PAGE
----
Five down, some more to go.
The first phase of the public hearings into the Jan. 6 hearings ended on Thursday, with dramatic testimony focused on the efforts by former President Trump and his allies to pressure the Department of Justice.
House Select Committee Chair Bennie Thompson (D-Miss.) says the hearings will now pause before resuming next month.
The punctuation mark is the perfect moment to assess the impact of the five hearings so far.
They haven’t fundamentally altered the electoral landscape — but nobody really expected they would.
Yet they have been compelling enough to surpass expectations, hold the attention of much of the public and cause new problems for Trump.
The former president, predictably but tellingly, has lambasted the proceedings.
In aggregate, the hearings have portrayed Trump and his most fervid advisors as pushing a de facto coup while ignoring voluminous evidence that the 2020 election was untainted by any large-scale fraud.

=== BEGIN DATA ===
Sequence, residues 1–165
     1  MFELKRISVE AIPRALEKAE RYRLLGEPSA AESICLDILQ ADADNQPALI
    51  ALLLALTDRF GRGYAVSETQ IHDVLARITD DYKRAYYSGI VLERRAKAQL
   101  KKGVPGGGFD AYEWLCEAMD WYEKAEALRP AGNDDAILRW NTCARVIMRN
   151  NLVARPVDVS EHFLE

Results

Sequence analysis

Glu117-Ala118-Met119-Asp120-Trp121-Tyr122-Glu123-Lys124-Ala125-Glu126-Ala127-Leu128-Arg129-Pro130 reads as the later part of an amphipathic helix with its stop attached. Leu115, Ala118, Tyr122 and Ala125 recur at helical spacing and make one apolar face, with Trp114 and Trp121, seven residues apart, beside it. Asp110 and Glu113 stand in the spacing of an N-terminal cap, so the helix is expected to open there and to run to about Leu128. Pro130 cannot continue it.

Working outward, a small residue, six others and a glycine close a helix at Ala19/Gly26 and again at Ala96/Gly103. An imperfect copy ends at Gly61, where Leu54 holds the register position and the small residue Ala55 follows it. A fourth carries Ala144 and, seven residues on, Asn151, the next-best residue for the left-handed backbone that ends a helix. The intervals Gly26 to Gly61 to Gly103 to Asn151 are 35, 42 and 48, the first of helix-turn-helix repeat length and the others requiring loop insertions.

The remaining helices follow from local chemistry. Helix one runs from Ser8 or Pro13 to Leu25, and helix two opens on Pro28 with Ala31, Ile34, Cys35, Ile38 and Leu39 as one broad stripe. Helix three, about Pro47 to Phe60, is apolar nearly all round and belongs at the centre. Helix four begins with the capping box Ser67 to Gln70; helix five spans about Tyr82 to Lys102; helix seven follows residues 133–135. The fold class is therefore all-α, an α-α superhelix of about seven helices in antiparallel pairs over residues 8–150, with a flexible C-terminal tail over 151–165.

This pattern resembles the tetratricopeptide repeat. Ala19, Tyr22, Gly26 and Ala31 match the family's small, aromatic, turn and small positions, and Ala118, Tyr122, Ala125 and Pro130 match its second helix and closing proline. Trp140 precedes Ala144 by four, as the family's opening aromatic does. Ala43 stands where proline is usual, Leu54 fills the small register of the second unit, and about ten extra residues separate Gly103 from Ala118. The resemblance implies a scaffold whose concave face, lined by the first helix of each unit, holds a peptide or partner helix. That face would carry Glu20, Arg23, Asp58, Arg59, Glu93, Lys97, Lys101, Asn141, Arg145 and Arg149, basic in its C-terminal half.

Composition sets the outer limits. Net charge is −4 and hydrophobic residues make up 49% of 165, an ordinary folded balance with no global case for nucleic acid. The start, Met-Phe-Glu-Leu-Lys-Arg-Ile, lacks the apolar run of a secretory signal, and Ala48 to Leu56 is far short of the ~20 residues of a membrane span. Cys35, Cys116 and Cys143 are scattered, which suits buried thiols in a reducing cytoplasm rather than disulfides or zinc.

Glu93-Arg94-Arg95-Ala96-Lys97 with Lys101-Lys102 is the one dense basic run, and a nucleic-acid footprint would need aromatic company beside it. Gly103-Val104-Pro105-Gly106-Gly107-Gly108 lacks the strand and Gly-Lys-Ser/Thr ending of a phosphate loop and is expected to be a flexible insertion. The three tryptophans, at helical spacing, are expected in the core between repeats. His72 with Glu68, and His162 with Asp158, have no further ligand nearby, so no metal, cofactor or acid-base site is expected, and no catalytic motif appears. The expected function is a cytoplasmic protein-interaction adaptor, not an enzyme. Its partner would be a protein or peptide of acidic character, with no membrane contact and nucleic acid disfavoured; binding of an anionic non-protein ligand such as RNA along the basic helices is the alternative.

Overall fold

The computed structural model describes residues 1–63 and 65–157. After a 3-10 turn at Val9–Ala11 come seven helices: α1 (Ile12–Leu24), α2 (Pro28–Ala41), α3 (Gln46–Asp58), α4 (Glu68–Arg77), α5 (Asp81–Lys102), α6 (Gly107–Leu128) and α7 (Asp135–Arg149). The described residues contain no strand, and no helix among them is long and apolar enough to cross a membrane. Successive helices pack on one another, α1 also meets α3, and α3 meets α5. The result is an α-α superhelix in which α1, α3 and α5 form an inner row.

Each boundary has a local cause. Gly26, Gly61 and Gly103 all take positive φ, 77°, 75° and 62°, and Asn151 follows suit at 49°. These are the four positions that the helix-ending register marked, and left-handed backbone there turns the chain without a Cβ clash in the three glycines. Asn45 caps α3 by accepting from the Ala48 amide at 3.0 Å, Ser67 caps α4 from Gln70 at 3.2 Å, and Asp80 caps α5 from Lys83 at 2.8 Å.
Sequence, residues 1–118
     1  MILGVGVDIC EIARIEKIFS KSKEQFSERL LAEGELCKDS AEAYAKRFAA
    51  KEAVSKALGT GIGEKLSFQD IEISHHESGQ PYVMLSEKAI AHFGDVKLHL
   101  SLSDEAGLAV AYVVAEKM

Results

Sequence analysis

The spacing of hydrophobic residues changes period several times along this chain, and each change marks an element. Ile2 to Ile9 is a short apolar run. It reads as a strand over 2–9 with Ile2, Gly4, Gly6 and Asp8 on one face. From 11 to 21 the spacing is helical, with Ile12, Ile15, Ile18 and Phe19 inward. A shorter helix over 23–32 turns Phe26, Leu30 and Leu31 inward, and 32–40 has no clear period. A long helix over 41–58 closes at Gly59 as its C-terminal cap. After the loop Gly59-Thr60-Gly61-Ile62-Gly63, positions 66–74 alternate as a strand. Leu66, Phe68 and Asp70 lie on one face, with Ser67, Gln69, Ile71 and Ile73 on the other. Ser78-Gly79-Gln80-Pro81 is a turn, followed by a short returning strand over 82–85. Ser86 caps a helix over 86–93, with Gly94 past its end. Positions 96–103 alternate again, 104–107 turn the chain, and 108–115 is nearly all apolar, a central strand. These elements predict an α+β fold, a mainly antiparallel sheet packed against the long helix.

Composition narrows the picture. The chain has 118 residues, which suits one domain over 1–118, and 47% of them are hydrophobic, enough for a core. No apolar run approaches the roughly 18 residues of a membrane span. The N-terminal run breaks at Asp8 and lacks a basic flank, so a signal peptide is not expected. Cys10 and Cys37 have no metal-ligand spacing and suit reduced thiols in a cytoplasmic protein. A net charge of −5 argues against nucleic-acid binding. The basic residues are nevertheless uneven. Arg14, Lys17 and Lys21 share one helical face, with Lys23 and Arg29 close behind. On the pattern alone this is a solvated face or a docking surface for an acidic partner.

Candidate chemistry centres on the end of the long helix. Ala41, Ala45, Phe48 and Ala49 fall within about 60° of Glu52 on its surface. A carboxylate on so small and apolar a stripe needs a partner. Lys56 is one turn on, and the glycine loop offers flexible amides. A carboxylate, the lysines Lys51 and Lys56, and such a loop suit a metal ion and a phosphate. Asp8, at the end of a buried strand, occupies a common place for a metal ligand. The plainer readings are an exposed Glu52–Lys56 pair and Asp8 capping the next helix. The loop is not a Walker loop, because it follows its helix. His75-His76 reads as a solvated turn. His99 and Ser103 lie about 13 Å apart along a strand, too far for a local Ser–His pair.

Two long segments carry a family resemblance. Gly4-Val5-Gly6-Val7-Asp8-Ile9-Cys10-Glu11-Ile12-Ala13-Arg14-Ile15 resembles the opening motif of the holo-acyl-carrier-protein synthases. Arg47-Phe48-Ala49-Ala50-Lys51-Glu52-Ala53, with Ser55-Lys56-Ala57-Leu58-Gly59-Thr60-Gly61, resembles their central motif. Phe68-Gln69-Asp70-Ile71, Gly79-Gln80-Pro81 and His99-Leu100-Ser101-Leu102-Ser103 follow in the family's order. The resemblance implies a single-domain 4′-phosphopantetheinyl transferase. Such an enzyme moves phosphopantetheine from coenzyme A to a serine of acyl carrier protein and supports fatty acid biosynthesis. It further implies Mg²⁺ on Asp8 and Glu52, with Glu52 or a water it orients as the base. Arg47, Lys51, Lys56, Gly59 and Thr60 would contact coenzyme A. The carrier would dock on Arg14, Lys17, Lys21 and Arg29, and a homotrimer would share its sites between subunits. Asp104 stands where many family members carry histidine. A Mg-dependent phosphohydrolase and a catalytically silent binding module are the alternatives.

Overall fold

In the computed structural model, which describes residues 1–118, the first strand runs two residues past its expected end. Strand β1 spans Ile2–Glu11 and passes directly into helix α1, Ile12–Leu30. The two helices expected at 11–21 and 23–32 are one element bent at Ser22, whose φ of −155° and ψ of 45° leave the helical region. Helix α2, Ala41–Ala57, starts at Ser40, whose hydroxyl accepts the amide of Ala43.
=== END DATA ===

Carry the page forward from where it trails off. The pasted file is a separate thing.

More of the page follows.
The committee’s narrative has been uninterrupted by voices defending Trump. Its only Republican members are co-chair Rep. Liz Cheney (Wyo,.) and Rep. Adam Kinzinger (Ill.) both of whom are strong critics of the former president.
House Minority Leader Kevin McCarthy’s (R-Calif.) decision to pull GOP involvement from the committee at its inception last year is being subject to increased second-guessing.
McCarthy pulled the plug after Speaker Nancy Pelosi (D-Calif.) refused to accept two especially staunch Trump allies, Reps. Jim Jordan (R-Ohio) and Jim Banks (R-Ind.), as members of the panel.
But now people from Trump himself to Trump-skeptical Republicans regard that decision as a sizable strategic mistake.
“It was really stupid. It was a tremendous error,” said Liz Mair, a political consultant who has advised numerous GOP candidates and was previously the online communications director at the Republican National Committee.
“I am not in general a huge fan of the people who would have wanted on [as pro-Trump Republicans] but he is going to come out looking far worse than if they were there.”